A state bill to eliminate the philosophical exemption was introduced and defeated. One legislator, a polio survivor himself, voted against it. Polio has been "almost eliminated" due to vaccinations, yet this representative voted NO, perhaps due to the organized, vigorous opposition to the bill.

Rebuilding the past

The same Sunday paper that detailed the vaccination controversy also reported on the rebuilding of an historic covered bridge in Rockingham, Vt. The Bartonsville bridge had been washed away by hurricane Irene in 2011. This bridge, circa 1870, was of the patented 1820 design by Itheil Town, featuring a very distinctive interior. The article by a local writer, whose family bought a farm house nearby, describes at length the reverence that local residents have for the bridge and their area-and the writer of the article fell in love with the bridge and the area at first sight. (Full disclosure: My parents brought our family to Enfield and Lake Mascoma for vacation about 65 years ago. We kept returning, and we've lived here, retired since 2002, and in the local jargon are "year-round summer people." We know about loving a place and its people.)

The bridge was rebuilt, apparently exactly as it was, even using "hand turned square headed trunnels" (pins).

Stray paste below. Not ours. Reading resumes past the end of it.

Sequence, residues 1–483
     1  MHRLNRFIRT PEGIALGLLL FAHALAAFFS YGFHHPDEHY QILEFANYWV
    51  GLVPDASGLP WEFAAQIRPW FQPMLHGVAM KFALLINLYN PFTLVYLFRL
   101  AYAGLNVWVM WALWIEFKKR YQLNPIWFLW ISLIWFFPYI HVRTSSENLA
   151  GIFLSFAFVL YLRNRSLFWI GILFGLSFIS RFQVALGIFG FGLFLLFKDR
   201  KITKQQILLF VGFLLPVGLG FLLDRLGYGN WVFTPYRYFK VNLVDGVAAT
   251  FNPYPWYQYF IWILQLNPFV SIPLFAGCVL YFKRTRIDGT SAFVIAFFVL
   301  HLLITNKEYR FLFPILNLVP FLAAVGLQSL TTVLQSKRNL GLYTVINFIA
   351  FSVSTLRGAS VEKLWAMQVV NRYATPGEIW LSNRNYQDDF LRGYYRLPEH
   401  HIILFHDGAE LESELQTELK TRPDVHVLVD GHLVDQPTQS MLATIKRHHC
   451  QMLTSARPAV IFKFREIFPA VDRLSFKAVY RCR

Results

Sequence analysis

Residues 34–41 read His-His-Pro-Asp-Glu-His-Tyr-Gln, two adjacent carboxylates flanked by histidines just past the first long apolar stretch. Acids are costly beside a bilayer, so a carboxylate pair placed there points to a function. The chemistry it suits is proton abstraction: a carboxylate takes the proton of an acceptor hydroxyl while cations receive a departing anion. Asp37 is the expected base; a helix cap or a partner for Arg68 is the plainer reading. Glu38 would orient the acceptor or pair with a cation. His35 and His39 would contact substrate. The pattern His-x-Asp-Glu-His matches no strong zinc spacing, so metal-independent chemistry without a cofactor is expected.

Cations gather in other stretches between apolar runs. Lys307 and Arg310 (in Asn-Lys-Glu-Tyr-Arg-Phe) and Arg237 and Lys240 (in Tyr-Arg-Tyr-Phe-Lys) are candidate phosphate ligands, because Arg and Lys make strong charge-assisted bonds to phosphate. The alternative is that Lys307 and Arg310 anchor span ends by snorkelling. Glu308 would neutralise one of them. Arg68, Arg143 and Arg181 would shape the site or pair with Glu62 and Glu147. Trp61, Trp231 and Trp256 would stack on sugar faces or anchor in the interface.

Saving the environment and people from themselves

Some town meeting ballots in the recent election contained a measure to prevent tar sands oil from being piped through Vermont. Interestingly, the pipeline in question has been in use for years, and none of the towns it runs through are opposed to it, or to its use for transporting tar sands oil. However, other towns, far from the pipeline, were in opposition.

The towns through which the pipeline travels are in Vermont's "Northeast Kingdom," (northeast corner of the state), long remote due to long travel times. This area has its own traditions. As expressed by a state senator from the area on town meeting night, also shown on state-wide TV coverage, "We don't need outsiders (meaning the rest of the state) telling us what to do."

The underlying passions

These examples reveal strong passions.

Opposition to public health policies persists, even though the policies are scientifically based and proven by experience. Opposition to fluoridating drinking water, and to vaccination programs, are two examples. These oppositions may be driven by fear of the unknown-that which an individual does not understand-and decisions made by organizations (bureaucracies, corporations) far away. This is a piece of the puzzle.